What to do when your boss is disrespectful

Updated April 17, 2017

Although all bosses have bad days and sometimes don't act the way employees want, some bosses regularly go a step further and show disrespect to those working for them. If you're faced with a disrespectful boss, you've got a few options.

Talk to Boss

You'll have to be careful whenever you bring up your boss' behaviour toward you. Some bosses are angered by the mere idea that they've done something wrong. However, rather than directly criticising your boss, you might explain that how you're treated has made you less productive. You might add that you'd like to establish a healthier working relationship. Some bosses may not even realise they've been disrespectful and will try to remedy the problem. Others may take the opportunity to give you advice on how not to get on the wrong side of them. This isn't an ideal solution, but it may help to know.

Keep Professional

It may be difficult in the face of rudeness and insults from a boss, but certain standards are expected from you in the workplace. You must keep professional at all times; in the case of a disrespectful boss, this may require simply ignoring the problem when possible so that you can do your job. It also means keeping any comebacks to yourself.

Stay Calm

Keeping control of a situation with a disrespectful boss can mean the difference between building a better relationship and losing your job. Keep calm and try not to show much in the way of emotion. If you're upset about a situation, consider avoiding your boss as much as possible for a few days and then arranging a private meeting where you can raise the issue in a calm and professional manner. Avoid confrontation as much as you can, and remember that words said in the heat of an argument are difficult to take back.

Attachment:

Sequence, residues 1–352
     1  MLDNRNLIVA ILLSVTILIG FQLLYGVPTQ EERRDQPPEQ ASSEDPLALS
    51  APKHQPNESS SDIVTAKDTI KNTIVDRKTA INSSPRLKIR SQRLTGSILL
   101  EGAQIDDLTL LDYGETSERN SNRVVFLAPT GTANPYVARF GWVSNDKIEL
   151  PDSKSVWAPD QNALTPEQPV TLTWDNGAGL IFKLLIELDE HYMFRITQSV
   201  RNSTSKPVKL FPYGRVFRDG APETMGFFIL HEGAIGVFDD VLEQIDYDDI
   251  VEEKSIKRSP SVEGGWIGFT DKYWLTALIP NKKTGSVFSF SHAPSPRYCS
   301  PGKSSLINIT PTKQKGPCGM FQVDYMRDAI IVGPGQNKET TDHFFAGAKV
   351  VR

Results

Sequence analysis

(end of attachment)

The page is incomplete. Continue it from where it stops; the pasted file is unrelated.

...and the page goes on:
Get Support

Don't try to deal with an unpleasant boss alone. It's likely that you'll not be the only one so affected by your boss, so talk to others and see whether they'll stand up with you if it comes to it. Together, you may be able to build a case that you can take to HR or to your boss' superiors. By gathering support, you'll have safety in numbers that may help in persuading your boss not to fire you if confronted, because firing so many workers would be impractical. Remember to document any incidents or conversations involving your boss, so you're organised if you need to present a case.

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About the Author

Simon Fuller has been a freelance writer since 2008. His work has appeared in "Record Collector," "OPEN" and the online publication, brand-e. Fuller has a Bachelor of Arts in English literature from the University of Reading and a postgraduate diploma from the London School of Journalism.